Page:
This is how you get your kid to put down her phone.
I’m about to come to the saddest chapter of my life: When my youngest kid heads off to college. So I am clinging to every possible moment with her. “Please put your phone down at the table!” is not about manners, it’s about those priceless few moments before she flies the nest for the boundless horizon of her future.
So, a chance to look at colleges in California was made even better by a side trip to hike, ride horses and glamp near Yosemite National Park. In the process we toured three schools, experienced four climates, drove 800 miles and sang and laughed a lot.
Get all the Fact on the Honda Passport, including pricing, key details and what we loved about this mid-size SUV
Getting Your Teen’s Attention: Let Her Navigate (With Help Of Course)
My daughter and I set off from Los Angeles in a borrowed 2019 Honda Passport (priced from $31,990 to about $44,000) to tour the University California San Diego. With just the two of us and me at the wheel the whole time (Honda’s loan rules prohibit teen drivers), Estee had to navigate, not something she’s used to doing. Typically, she’s in the back seat with headphones on.
But this trip she plugged her phone into the infotainment system and up popped Apple Car Play. From there she was able to put in the destination and navigate, calling out the turns and giving me an overview of what to expect in unfamiliar territory. She could also plug in a side trip to Starbucks and research gas stations and hotels along the way.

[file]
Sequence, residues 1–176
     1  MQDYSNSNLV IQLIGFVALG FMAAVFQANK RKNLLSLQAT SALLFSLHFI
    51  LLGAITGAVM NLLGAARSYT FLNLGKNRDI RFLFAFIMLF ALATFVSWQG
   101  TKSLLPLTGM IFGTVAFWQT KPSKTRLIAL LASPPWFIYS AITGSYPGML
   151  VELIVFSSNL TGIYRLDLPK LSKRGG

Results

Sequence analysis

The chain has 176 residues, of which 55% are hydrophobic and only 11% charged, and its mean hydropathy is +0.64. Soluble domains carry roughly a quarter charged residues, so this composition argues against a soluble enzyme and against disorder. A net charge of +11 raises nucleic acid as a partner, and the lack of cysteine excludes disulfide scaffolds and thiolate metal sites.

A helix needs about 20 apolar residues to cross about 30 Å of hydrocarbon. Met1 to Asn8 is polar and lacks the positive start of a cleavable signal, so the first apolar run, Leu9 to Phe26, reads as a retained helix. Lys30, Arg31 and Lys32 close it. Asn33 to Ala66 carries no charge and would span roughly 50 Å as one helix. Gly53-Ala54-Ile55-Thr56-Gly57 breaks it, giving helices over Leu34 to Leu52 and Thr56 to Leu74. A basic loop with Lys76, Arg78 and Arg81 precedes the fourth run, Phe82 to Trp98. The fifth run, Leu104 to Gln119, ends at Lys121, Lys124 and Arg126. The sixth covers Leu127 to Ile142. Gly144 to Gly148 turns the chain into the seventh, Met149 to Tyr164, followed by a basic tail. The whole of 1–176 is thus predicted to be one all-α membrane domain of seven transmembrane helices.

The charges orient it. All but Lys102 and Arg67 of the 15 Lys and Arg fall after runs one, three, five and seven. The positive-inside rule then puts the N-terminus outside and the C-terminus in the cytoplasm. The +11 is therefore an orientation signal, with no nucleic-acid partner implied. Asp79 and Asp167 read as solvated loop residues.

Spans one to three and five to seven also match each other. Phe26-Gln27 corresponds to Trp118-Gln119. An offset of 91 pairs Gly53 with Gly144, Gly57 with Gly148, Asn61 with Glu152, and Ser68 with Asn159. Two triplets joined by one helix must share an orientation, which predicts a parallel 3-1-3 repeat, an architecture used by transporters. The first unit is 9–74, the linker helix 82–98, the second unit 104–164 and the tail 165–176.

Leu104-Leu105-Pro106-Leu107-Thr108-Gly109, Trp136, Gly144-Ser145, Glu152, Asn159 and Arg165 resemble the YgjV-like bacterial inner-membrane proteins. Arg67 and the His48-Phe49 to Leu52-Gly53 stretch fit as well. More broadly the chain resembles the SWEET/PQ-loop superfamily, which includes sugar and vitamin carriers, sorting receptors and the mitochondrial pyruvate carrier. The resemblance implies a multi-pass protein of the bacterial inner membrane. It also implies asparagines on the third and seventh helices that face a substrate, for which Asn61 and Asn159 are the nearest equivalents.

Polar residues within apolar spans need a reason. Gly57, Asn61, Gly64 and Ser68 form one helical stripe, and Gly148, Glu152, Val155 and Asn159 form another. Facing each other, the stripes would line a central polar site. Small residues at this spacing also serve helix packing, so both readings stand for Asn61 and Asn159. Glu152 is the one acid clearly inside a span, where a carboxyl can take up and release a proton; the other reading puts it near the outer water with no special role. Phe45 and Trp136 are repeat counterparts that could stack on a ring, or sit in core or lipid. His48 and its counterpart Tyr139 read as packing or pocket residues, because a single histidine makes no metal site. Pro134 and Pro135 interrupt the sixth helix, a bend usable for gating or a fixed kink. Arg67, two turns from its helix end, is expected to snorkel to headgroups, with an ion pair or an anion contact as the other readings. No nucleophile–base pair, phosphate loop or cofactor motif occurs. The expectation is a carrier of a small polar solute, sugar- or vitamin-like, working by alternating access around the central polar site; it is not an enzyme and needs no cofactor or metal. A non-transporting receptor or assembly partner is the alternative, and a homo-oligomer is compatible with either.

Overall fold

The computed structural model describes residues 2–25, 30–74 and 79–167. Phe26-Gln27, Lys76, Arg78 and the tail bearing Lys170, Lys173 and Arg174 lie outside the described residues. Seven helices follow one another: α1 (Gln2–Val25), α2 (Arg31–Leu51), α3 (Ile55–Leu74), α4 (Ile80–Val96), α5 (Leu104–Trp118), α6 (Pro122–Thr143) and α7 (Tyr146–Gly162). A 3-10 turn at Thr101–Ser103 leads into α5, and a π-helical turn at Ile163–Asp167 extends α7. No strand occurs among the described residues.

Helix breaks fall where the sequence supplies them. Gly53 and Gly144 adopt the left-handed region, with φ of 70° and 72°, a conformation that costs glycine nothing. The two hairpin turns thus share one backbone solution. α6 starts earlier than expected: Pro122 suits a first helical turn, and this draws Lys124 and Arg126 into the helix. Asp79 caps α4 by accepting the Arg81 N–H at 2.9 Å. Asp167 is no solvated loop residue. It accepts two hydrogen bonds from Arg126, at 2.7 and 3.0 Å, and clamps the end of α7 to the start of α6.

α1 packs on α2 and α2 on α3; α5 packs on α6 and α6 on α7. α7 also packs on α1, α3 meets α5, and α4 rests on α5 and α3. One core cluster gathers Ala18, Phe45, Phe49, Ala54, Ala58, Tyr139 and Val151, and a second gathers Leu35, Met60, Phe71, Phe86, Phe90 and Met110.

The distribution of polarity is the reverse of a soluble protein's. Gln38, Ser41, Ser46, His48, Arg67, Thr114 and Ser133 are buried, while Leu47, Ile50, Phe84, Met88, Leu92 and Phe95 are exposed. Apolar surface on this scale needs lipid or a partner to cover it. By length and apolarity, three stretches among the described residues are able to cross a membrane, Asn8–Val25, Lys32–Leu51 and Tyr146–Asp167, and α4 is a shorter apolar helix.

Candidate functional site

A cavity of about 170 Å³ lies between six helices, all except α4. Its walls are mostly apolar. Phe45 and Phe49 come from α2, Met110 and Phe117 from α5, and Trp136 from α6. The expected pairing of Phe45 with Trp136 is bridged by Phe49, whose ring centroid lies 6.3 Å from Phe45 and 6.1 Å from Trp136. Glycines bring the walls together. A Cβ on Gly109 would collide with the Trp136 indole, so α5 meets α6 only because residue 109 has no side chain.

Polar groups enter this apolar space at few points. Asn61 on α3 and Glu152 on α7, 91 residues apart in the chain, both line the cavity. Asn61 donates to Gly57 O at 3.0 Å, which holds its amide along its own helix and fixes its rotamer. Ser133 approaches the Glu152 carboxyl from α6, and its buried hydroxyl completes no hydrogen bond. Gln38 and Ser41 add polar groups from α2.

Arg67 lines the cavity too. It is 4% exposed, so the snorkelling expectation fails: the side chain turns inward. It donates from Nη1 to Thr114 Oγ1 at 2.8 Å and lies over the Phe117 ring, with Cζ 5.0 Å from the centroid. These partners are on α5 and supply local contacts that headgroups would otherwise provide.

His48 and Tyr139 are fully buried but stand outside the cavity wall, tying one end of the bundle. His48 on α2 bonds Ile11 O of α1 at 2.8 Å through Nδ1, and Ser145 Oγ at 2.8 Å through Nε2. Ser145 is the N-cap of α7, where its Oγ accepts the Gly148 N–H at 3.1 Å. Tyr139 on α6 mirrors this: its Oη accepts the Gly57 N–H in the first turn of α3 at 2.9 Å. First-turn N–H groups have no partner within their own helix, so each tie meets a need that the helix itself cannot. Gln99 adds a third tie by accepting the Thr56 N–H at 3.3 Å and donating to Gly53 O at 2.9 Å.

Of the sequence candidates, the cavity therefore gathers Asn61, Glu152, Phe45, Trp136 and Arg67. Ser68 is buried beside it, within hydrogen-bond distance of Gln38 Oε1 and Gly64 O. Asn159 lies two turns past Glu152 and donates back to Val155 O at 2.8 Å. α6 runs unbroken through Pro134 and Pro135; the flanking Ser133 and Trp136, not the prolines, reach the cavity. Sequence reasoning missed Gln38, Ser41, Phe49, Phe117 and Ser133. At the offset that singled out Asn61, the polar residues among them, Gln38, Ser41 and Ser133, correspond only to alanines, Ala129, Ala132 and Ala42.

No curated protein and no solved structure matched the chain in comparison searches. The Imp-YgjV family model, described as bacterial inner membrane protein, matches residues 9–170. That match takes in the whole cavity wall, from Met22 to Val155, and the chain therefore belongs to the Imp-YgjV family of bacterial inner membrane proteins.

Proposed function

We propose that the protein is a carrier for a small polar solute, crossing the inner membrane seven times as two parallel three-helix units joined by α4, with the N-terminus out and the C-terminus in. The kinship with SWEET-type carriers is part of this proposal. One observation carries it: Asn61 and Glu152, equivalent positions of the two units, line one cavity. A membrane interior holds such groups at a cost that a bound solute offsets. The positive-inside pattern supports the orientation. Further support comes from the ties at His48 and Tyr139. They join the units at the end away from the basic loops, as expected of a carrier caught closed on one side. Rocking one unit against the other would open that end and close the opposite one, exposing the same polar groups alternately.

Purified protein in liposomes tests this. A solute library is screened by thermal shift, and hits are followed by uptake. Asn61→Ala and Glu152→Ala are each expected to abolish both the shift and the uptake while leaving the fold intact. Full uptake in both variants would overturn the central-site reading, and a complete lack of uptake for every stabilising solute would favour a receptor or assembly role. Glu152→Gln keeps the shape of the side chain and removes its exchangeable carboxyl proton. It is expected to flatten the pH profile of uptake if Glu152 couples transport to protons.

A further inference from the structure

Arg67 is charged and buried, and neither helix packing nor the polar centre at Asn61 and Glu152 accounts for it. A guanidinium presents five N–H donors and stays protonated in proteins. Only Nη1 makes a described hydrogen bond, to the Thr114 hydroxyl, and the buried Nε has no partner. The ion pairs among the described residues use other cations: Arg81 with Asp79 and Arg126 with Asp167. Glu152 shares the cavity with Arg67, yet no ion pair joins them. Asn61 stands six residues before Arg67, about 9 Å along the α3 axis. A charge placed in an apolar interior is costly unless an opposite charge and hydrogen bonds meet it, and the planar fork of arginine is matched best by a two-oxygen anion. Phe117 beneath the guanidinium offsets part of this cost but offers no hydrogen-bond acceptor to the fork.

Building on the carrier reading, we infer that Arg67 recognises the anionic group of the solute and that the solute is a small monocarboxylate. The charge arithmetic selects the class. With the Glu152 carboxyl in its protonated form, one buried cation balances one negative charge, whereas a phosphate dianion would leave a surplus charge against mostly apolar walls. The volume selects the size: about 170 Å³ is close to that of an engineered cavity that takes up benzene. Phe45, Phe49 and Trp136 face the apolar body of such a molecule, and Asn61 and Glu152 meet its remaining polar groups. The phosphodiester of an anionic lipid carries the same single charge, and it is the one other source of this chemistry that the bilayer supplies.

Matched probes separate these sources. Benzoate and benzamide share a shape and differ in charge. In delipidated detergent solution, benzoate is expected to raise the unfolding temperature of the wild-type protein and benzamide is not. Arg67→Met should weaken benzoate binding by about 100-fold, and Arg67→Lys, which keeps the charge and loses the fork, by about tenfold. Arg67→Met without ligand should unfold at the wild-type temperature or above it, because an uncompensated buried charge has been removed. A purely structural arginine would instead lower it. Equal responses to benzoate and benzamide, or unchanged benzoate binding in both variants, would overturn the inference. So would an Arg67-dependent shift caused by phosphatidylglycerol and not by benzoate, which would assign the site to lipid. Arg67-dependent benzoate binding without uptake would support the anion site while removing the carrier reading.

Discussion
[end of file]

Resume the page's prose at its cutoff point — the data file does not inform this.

And, she could navigate us to the beach in Santa Barbara, our second stop. Because you have to go to the beach while you’re in California, right?
Parking Lot Presto-Chango
Did I mention that we drove through several different climates on our trip? We started in San Diego where temperatures were in the geographically typical ’70s; by the time we got to Yosemite the temperature had dropped to the ‘50s and that night it would plunge into the ’30s. We packed layers upon layers for these changes, but still, when we stopped we typically had to peel off or add layers of clothing. The spacious cargo area in the Passport that let us open our bags to spread out as we needed. And, we could stow our small bags and jackets under the cargo floor in a concealed compartment when we went hiking. That is priceless.
What Made Me Really Excited? Not One, But Two Perfect Places to Put a Handbag
Honda figured this out. Maybe it’s because the designer of the Passport (and the Pilot three row SUV) is a woman. Maybe it’s because men carry more stuff these days too and they’re tired of heavy pockets, so they go with a backpack. Or maybe it’s just common sense. But the Honda Passport has two great places to put a handbag.
First, it fits right on top of the center console. And it won’t slide off and any bag fits. This is probably the most brilliant handbag spot in any car anywhere. Seriously.
Honda opted not to turn this precious piece of real estate into an arm rest; rather, they added arm rests to the seats. Then, they lowered the height of the console so the retractable top sits at about hip height to passengers. Last, the back edge of the console curves up holding your handbag, or tote or backpack, squarely in place and at a good height so it’s not in your way as you drive, but accessible when you need it.
The other great place to put your handbag, or tote or backpack, is on the floor in the center of the back seat. It’s flat. So your bag won’t fall off the hump and if it’s designed to sit squarely, it shouldn’t easily tip over (mine didn’t). This, too, is a nice touch and great if you have more than one bag or passengers who have handbags or backpacks.